Planning to travel in 2023? From new biometric regulations to new admission fees for travel to Europe, we are here to help you navigate the complex changes that will take place in the world of travel next year.
Again, in 2023, the rules for travelers will change and a new system will be put in place to make traveling easier. If you’re planning a trip in 2023, here’s what you need to know about the biggest changes.
Americans can finally renew their passports online
Lost your passport? Want to update your name? change gender? The good news: After a successful pilot this year, US online passport renewal is expected to be fully rolled out in 2023.
The new service makes passport application convenient and easy. No more dealing with piles of papers, getting physical passport photos or waiting hours at passport offices.
A digitized system allows you to complete your renewals online, upload photos from your smartphone or tablet, and pay electronically.
But if you’re planning to travel abroad in the near future, don’t wait to apply. The new service may be more efficient, but it’s no faster or cheaper than the old method.For mail-in applications, wait times are generally the same, taking 8 to 11 weeks, according to the State Department. Prices remain unchanged at $130 for a passport book, $30 for a passport card, or $160 for both. If you choose expedited service (5-7 weeks), there is an additional charge of $60.
An exact date for the full rollout of online applications has not yet been announced, but could be early 2023. To apply, you must be at least 25 years old and have a current passport valid for 10 years. There are also some other requirements. See here for details.
Travel costs to Europe
But not so much. From November 2023, the European Travel Information and Authorization System (ETIAS) will be rolled out to non-European Union citizens in 60 countries, including the United States. Therefore, American travelers between the ages of 18 and under 70 must complete a form and pay an entrance fee of €7 ($7.25).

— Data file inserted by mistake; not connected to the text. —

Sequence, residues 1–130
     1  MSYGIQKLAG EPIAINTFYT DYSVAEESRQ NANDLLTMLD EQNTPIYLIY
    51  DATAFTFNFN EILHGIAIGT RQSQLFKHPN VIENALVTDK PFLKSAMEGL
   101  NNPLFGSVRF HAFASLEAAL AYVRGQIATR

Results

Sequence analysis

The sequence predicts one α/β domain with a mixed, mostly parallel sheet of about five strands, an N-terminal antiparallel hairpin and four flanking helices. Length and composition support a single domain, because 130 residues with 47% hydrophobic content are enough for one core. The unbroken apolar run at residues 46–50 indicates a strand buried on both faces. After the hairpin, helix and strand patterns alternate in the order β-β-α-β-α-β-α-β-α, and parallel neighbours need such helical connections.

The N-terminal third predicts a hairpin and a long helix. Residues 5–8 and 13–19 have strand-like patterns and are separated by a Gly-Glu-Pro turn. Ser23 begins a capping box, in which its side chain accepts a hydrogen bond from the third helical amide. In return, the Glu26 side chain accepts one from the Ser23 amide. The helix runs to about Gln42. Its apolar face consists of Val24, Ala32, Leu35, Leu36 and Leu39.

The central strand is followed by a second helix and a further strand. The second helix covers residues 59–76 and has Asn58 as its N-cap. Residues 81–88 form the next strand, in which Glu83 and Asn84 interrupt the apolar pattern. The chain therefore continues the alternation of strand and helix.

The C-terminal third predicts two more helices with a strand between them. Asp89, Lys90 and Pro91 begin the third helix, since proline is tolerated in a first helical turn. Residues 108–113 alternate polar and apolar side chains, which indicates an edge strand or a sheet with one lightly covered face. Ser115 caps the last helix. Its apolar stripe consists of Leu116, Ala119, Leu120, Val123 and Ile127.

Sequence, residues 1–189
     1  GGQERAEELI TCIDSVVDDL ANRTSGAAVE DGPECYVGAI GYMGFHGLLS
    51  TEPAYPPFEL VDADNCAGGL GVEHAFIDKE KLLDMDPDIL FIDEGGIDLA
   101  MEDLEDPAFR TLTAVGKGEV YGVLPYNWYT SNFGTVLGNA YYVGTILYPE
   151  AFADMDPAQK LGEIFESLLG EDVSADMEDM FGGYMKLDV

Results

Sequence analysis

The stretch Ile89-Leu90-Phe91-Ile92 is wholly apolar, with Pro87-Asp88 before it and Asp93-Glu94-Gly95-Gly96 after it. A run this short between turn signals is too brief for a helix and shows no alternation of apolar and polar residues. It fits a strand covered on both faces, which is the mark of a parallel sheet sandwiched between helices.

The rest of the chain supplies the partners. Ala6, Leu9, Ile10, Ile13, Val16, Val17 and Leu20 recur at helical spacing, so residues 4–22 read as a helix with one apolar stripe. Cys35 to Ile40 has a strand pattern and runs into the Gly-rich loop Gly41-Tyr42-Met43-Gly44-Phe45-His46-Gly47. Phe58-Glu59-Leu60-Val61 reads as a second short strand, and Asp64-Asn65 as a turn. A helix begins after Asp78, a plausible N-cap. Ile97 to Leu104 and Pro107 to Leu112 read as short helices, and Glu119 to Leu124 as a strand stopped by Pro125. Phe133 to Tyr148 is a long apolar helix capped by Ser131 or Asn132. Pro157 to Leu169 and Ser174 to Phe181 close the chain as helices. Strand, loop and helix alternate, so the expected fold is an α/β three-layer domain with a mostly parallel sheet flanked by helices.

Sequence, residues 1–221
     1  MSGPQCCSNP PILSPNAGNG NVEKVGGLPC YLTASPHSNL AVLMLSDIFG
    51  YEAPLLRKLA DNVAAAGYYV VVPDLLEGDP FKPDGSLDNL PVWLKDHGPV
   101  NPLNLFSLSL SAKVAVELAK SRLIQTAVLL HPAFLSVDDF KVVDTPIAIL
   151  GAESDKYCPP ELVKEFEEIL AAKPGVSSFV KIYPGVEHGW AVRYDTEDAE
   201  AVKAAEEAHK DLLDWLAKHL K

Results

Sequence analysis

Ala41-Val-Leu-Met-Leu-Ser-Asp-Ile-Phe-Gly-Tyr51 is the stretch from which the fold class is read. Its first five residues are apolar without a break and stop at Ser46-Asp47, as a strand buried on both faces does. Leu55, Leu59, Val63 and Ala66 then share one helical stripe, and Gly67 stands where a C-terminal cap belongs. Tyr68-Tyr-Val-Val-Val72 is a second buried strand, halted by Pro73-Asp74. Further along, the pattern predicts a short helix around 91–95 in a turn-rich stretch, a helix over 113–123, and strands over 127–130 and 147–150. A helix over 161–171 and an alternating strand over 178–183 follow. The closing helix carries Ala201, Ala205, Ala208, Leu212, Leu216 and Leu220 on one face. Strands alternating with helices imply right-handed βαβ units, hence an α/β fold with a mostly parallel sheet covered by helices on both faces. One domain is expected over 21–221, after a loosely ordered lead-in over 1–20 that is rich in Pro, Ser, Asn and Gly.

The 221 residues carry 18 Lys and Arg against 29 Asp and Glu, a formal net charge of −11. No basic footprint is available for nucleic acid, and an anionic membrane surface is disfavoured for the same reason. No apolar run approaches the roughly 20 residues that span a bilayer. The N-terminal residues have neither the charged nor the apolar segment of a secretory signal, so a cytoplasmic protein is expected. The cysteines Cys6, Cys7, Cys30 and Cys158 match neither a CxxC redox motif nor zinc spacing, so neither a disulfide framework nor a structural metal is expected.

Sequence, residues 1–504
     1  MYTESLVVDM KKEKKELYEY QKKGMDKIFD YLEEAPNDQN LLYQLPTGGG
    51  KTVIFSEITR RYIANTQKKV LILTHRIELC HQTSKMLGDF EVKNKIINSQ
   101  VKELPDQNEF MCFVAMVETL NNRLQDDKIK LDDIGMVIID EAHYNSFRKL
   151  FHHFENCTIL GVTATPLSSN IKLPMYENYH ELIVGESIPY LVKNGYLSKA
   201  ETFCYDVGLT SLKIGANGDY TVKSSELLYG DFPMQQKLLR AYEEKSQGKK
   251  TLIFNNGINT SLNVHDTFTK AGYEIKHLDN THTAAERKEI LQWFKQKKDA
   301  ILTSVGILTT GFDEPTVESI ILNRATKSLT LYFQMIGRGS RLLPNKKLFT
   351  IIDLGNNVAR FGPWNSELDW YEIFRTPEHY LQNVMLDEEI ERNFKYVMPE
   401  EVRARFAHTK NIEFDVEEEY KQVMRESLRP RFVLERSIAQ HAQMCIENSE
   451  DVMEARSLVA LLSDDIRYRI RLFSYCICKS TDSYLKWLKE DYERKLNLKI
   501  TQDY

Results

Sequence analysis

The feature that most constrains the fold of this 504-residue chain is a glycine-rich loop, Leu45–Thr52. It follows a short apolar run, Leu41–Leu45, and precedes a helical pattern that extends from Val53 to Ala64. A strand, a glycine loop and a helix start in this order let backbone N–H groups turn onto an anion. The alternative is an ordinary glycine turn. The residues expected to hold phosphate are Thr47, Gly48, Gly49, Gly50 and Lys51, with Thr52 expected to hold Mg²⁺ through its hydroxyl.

ETIAS is a European visa waiver program that works similarly to ESTA in the United States, performing rapid and automated security checks on visitors before allowing them to enter the country. ETIAS allows holders to enter the region without a visa for up to 90 days and is valid for multiple visits over a period of three years. You must apply online before travel. In most cases, approvals are expected to be granted almost immediately.
ETIAS is not required for entry into all EU Member States, but it is required for the 26 European countries within the Schengen Area that have abolished all controls at their mutual borders.
Your fingerprints will be taken when you land in Europe
The new Exit and Exit System (EES), due to start in May 2023, will require all non-EU citizens to submit biometric data such as fingerprints and facial scans before entering the EU. (This is similar to what the United States requires of its international visitors.)
Like ETIAS, it only affects non-EU citizens arriving to destinations within the Schengen Area, which consists of 22 EU countries plus Iceland, Liechtenstein, Norway and Switzerland.
Wait times at borders may be longer after the system was first rolled out in May, but there will be no significant change for visitors. I am concerned that it will be double compared to the situation.